Learning styles and learning modalities are often used interchangeably. Recent research, however, indicates that we may not know as much as we think we know about visual, auditory, kinesthetic, and tactile learners. This session will focus on how mobile devices can engage different styles of learners.
Mobile learning has a way of knocking down traditional classroom doors. What are the best ways students can learn and what are some teaching strategies for using mobile devices? We’ll discuss some proven teaching strategies to better retain and improve student learning.
Mobile learning buffs love touting how the strategy opens up more educational opportunities for special needs students - and they’re definitely right! But this strength unfortunately doubles as a weakness in some instances. Faculty unfamiliar with the accessibility standards stapled to all technological developments might inadvertently isolate students with physical and/or mental impairments. This session will review ADA issues, Universal Design for Learning and BYOD.
In this final working sessions you’ll have a chance to ask any remaining questions you have and put some finishing touches on the first draft of an action plan you’ve created for your campus.
Dr. Melton oversees the strategic planning and implementation of the Tennessee Board of Regents’ System Wide Office of Mobilization. She is the creator of the education and workforce mobile app resource center for preK-careers, author, presenter, trainer, consultant, and quality reviewer for distance education, eLearning, mobilization, global partnerships, and program and student outcomes. Dr. Melton is the recipient of many teaching and technology awards and accolades, including: 2011 Catalyst Award for Leadership in the implementation of the Regents Online Campus Collaborative, 2010 MERLOT Outstanding Leadership Award, and 2009 IMS Global Solutions Outstanding Program Award.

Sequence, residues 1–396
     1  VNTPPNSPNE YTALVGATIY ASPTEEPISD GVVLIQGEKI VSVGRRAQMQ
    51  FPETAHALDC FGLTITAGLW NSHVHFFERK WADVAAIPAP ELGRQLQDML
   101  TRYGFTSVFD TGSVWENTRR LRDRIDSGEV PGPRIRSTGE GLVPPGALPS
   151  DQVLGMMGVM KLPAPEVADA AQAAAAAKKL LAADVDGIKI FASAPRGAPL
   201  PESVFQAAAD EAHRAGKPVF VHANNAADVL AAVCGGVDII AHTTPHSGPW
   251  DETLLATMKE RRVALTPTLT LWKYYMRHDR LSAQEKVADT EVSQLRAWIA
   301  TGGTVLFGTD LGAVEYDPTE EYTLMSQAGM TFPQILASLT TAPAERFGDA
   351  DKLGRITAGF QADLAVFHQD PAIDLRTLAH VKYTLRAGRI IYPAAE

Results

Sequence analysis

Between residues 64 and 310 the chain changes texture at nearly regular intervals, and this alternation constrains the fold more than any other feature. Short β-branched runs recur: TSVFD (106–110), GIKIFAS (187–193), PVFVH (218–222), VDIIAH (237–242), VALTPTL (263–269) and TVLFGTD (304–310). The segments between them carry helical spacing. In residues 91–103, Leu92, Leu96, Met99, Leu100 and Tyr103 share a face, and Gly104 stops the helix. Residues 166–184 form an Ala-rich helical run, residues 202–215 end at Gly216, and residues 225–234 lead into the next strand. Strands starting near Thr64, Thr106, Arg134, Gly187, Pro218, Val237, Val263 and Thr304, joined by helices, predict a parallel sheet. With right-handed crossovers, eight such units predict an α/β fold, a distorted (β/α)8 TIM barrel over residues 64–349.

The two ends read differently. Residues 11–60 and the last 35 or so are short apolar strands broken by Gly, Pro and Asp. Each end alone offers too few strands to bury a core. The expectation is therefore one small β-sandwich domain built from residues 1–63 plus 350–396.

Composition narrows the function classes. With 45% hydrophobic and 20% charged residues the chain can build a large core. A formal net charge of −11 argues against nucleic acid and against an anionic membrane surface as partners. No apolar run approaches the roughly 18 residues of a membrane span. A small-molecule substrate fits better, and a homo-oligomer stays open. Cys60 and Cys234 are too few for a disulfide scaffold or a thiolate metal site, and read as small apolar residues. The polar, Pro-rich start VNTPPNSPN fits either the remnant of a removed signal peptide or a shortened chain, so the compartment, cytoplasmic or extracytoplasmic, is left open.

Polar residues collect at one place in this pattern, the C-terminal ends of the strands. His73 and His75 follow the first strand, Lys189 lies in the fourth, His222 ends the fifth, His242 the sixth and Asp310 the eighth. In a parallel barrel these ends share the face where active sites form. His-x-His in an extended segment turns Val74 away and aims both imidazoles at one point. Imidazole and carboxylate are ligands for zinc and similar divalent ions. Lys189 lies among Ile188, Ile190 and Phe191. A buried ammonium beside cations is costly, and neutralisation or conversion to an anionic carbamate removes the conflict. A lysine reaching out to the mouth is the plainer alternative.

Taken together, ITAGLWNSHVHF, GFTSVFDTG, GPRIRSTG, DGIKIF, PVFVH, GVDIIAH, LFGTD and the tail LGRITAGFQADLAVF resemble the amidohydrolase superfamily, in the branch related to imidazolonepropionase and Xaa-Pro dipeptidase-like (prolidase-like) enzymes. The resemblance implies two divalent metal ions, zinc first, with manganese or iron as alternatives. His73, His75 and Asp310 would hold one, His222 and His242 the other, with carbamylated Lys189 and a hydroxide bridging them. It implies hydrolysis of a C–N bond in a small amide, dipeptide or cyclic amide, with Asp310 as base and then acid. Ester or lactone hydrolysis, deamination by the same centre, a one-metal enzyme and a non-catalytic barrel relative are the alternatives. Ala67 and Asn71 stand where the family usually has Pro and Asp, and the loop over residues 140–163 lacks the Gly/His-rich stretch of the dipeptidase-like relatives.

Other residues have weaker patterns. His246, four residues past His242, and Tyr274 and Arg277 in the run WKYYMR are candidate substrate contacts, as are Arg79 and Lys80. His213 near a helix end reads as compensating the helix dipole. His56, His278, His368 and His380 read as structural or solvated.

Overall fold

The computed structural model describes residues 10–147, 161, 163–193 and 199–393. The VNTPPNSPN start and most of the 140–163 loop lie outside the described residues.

[Robbie will discuss the discovery and evaluation of free content with apps. She’ll share some case studies from the Tennessee Board of Regents’ Mobile App Education & Workforce Collection Resource Center.]
Dr. Baldridge has researched, taught, and implemented the use of mobile learning consistently over the past few years in his courses. In his work with the first-ever Mobile Learning Initiative on a college campus, he has established some of the current best practices for social media and mobile learning both in and out of the classroom. His research, presentations, and publications include areas surrounding mobile learning, remote teaching, and using social media to create learning communities. His current research project examines pairing mobile devices with social media to increase student interaction.